Author Topic: BSIP86: 1000:1 Core BTS Token Reverse Split  (Read 1600 times)

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Offline litepresence

Reverse stock split will not solve BTS problem, it might create more
In traditional rhetoric this is called a Proof Surrogate. Please expand on your thoughts, else this is just a logical fallacy.
« Last Edit: December 31, 2019, 03:09:03 pm by litepresence »

Offline chigbolu

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Reverse stock split will not solve BTS problem, it might create more

Offline litepresence

Code: [Select]
    BSIP: BSIP 86
    Title: 1000:1 Reverse Split of Core BTS Token
    Authors: litepresence
    Status: Draft
    Type: Protocol
    Created: 2019-12-30

# Abstract

As we approach Jan 1, 2020, the current trading price for BTS core token vs. BTC has fallen below 200 satoshi.  It also fell below 200 satoshi in February 2018.  Since inception, the price of the core BTS token has spent about 50% of its time below 1000 satoshi vs. BTC.  Beneath 1000 satoshi, BTS has only had 3 significant figures to trade at centralized exchanges.  Significant figures of a number are the non-leading-zero digits, which carry meaning - contributing to its measurement resolution.

In stock markets, stock splits and reverse stock splits are routine actions performed by corporations, upon consent of shareholders.  We find in traditional stock markets, prices are maintained such that there are always between 4 and 5 significant figures vs. the national currency.   That is, most stock prices, in high volume markets, typically range from 10.00 to 999.99.   When they get outside of that range, a stock split; or reverse stock split is a routine consideration taken up among shareholders and initiated by corporate management.   

Exchanges do not tend to change their user interface or back-end to accommodate assets, which do not fit within their existing framework.  In Bitcoin markets, that framework allows for precision up to 8 digits; 0.00000000.  Likewise in USD and CNY markets, the precision offered is typically 0.00.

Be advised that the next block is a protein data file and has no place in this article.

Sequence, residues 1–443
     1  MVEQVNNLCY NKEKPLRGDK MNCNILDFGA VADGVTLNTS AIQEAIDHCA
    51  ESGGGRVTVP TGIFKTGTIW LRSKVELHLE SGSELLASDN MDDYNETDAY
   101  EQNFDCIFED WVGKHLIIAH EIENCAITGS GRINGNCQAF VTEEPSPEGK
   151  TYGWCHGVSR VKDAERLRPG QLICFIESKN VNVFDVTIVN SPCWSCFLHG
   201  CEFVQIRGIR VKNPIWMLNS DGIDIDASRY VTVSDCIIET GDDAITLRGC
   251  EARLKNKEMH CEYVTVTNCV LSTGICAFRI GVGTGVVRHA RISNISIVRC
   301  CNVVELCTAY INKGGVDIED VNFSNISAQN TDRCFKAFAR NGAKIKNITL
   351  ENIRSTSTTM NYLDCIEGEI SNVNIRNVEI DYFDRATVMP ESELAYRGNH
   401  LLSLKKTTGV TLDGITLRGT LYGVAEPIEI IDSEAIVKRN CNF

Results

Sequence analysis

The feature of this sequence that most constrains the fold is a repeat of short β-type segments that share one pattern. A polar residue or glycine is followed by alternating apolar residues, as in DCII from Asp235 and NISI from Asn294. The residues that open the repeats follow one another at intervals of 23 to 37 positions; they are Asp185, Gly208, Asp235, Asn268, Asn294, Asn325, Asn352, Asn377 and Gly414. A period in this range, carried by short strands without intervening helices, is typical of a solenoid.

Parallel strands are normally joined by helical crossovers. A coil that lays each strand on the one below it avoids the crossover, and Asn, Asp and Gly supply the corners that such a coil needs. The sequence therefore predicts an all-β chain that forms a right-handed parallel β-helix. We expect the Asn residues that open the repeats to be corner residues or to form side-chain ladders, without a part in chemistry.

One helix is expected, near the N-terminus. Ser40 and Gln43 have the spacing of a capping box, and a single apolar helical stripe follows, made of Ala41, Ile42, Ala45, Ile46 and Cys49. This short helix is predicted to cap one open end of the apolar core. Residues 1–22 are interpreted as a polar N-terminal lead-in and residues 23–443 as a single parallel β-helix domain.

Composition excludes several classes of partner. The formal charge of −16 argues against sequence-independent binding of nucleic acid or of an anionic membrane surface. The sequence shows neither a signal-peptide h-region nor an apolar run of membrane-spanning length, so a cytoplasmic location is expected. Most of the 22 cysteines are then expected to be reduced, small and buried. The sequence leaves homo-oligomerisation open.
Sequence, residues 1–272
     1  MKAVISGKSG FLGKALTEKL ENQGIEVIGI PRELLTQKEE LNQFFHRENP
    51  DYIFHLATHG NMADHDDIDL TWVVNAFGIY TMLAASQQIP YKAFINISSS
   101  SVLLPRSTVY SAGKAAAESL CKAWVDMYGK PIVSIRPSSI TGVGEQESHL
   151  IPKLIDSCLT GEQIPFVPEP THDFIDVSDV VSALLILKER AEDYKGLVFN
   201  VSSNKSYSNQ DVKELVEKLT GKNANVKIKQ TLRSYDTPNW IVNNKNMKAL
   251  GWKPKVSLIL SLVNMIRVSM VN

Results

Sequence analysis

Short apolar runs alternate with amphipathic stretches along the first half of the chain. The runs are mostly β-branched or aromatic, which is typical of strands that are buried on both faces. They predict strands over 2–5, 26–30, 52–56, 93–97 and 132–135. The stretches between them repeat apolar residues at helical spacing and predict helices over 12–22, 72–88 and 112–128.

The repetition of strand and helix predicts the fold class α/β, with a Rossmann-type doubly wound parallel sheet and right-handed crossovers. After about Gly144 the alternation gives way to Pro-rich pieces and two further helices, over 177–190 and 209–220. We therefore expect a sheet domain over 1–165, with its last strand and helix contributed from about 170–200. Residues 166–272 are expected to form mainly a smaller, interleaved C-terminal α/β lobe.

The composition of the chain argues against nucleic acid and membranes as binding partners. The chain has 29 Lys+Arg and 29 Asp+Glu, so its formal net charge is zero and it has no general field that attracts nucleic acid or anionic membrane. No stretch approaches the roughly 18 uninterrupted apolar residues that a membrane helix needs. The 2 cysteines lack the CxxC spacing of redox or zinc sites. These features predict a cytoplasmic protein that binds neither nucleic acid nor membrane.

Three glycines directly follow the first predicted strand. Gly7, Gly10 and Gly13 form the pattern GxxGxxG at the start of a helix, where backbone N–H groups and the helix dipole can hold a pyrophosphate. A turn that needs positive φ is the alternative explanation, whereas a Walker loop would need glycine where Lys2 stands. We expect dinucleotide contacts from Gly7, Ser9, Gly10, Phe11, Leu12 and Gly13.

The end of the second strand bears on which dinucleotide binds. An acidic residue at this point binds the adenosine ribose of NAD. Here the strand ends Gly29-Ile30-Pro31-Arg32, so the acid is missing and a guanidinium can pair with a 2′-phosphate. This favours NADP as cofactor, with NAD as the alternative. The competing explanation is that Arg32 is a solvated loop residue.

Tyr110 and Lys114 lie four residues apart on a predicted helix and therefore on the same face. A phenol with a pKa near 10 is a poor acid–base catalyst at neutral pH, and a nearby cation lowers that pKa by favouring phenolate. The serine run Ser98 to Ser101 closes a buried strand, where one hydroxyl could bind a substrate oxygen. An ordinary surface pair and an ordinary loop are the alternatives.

# Motivation

The motivation of this split is to increase share price immediately; to prevent delisting risk, encourage listing acceptance at new exchanges, and more generally encourage higher trade volume at centralized exchanges, by removing the delisting threat.   

# Rational

Exchanges generally specify a minimum bid price for an asset to be listed.  If the asset falls below this bid price and remains lower than that threshold level over a certain period, it risks being delisted from the exchange.  In the cryptocurrency space this price threshold is often proprietary, though experience shows it is typically set between 200 and 500 satoshi.  Secondly, in fear of being stuck with a delisted asset, traders are hesitant to purchase a currency who's exchange price is approaching the delisting threshold.   Over time, this rational fear decreases trading volume, which has a cascading effect on the price of an already weakened asset.  Further, when a coin is delisted from exchange there is a typically a sharp, immediately negative effect on market price.